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Originally Posted by Dream Cyclery View Post
Same with aluminium.
Or collar bone
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Old 10-07-16, 10:50 AM
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I wonder what the high end mountain bikers are using. Carbon rims are used on tandems.
Still not in my price range though.
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Old 10-07-16, 10:59 AM
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Originally Posted by djb View Post
the few times I have read of these rims in touring blogs, they very much seem to be able to last a long long long time. As noted, need the specific pads made for this.
Would seem to make sense to use them on a really long trip if going with rim brakes where you are going to be in all sorts of gritty yucky riding conditions.

I should make clear the link I provided is related to standard anodizing, and not some super process, though some of the issues might be the same, like the micro fissureing of the surface during rolling, but no reason to assume that.
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Old 10-07-16, 12:16 PM
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Originally Posted by Squeezebox View Post
Any reason to not go with carbon rims for touring?

The only big reason is expense IMHO.

*edit*

They *do* seem to ride more harshly than aluminum w/tubeless though. At least on the CX bikes I've tried. Never tried carbon with rim brakes either, but I've heard that they kinda suck when it gets rainy and muddy.

Last edited by manapua_man; 10-07-16 at 12:26 PM.
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Old 10-07-16, 12:23 PM
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Originally Posted by Squeezebox View Post
Any reason to not go with carbon rims for touring?
I was thinking about that on my last trip. I had about 4 miles of 1-lane twisting, 8 to 10% descents including a few switchbacks. Fully loaded. I just didn't feel comfortable letting it rip down the hill...

I haven't paid a lot of attention to my rims in the past, but they got pretty toasty going down that mountain.

Anyway, I'm not beyond considering touring on Carbon Fiber rims with disc brakes, but I think I'll pass on touring with CF rim brakes.

That trip also took me to some pretty barren summits and ridges over 7000 feet, and in places the wind was just wicked (with vertical dropoffs on the side of the narrow 2-lane road). The panniers were enough like a sail. Anyway, I think low profile rims would be the way to go.

Actually, I haven't built up my CF wheels yet. But, I am also thinking about limiting the time riding in the rain, dirt, and sand. So, I still might choose to avoid taking them on some tours.
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Old 10-07-16, 12:23 PM
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Well considering the special surface coatings improve the wear resistance of the brake track I'd wager the problem with carbon would be not lasting a full tour before the rim wearing through. It'd get expensive.
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Old 10-07-16, 12:34 PM
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Originally Posted by elcruxio View Post
Well considering the special surface coatings improve the wear resistance of the brake track I'd wager the problem with carbon would be not lasting a full tour before the rim wearing through. It'd get expensive.
It depends on whether you're considering a tour to be a long weekend, or 6 months on the road.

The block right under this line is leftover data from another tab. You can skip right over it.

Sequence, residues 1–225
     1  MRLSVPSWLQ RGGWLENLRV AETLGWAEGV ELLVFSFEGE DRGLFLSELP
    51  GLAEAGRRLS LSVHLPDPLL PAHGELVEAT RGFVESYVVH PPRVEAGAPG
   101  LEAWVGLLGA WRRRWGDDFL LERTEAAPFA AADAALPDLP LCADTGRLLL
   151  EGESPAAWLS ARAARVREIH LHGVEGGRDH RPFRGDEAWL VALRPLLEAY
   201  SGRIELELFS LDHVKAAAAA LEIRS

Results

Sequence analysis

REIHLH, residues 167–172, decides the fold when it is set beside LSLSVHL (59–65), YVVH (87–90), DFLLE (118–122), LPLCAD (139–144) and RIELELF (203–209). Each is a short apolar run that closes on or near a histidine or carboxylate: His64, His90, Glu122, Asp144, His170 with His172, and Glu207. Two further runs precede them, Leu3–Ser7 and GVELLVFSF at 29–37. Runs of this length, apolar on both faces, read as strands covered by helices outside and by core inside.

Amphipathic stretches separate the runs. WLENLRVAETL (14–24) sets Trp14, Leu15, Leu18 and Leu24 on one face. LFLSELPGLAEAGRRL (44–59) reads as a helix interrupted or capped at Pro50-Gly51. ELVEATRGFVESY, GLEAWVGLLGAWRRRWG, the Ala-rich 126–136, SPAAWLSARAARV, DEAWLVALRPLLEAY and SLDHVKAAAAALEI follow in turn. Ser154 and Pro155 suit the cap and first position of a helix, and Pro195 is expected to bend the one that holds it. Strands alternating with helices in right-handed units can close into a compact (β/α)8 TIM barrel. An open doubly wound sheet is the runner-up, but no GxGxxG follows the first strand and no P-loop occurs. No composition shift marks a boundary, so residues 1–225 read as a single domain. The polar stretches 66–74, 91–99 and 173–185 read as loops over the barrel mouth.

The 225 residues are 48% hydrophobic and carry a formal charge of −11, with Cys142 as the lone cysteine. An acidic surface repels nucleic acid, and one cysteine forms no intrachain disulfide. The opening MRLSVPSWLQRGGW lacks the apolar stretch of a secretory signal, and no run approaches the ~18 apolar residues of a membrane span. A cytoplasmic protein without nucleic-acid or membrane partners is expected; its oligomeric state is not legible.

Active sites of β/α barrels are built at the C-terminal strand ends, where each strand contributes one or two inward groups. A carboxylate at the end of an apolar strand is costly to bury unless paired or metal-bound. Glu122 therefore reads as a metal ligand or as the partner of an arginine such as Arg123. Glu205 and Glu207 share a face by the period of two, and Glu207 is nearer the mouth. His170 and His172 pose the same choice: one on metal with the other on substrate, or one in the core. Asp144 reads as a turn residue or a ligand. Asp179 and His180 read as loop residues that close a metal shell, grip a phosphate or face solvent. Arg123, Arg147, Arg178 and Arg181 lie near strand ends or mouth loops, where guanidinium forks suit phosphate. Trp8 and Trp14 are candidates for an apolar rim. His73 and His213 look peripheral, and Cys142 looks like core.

Even so, you don't necessarily want disposable gear.

Like I said, disc brakes would make a lot more sense if touring on CF. Yeah, maybe a slight weight penalty, but the wheels should be quite sturdy.
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Old 10-07-16, 12:48 PM
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Originally Posted by CliffordK View Post
It depends on whether you're considering a tour to be a long weekend, or 6 months on the road.

Even so, you don't necessarily want disposable gear.

Like I said, disc brakes would make a lot more sense if touring on CF. Yeah, maybe a slight weight penalty, but the wheels should be quite sturdy.
I'm a pretty big fan of disc brakes in general. A decent set of hydros (I love those cable actuated ones) just feels so much better, especially if you've got screwed up hands/arms like myself.
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Old 10-07-16, 12:54 PM
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Originally Posted by LeeG View Post
Or collar bone
Welcome to 21st century.
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Old 10-07-16, 12:54 PM
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It seems like the weight gain of the disc brakes might offset the weight gain of the carbon rims. IMO that is not a good trade. What would be the advantage? I am biased though, not being a big fan of disc brakes for touring.

Rideable


To be fair this, this is a lightweight tubular rim, but it does not take a whole lot of trauma to make them useless. The hub is still good
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Old 10-07-16, 01:09 PM
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Originally Posted by Doug64 View Post
It seems like the weight gain of the disc brakes might offset the weight gain of the carbon rims. IMO that is not a good trade. What would be the advantage? I am biased though, not being a big fan of disc brakes for touring.

Rideable

To be fair this, this is a lightweight tubular rim, but it does not take a whole lot of trauma to make them useless. The hub is still good

I see quite a few CX guys in my area running carbon rims and disc brakes, so there's probably some advantage to it...that won't matter at all for touring.
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Old 10-07-16, 01:55 PM
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Big Difference; CX races are around a Loop course, Several times, and Only an Hour long.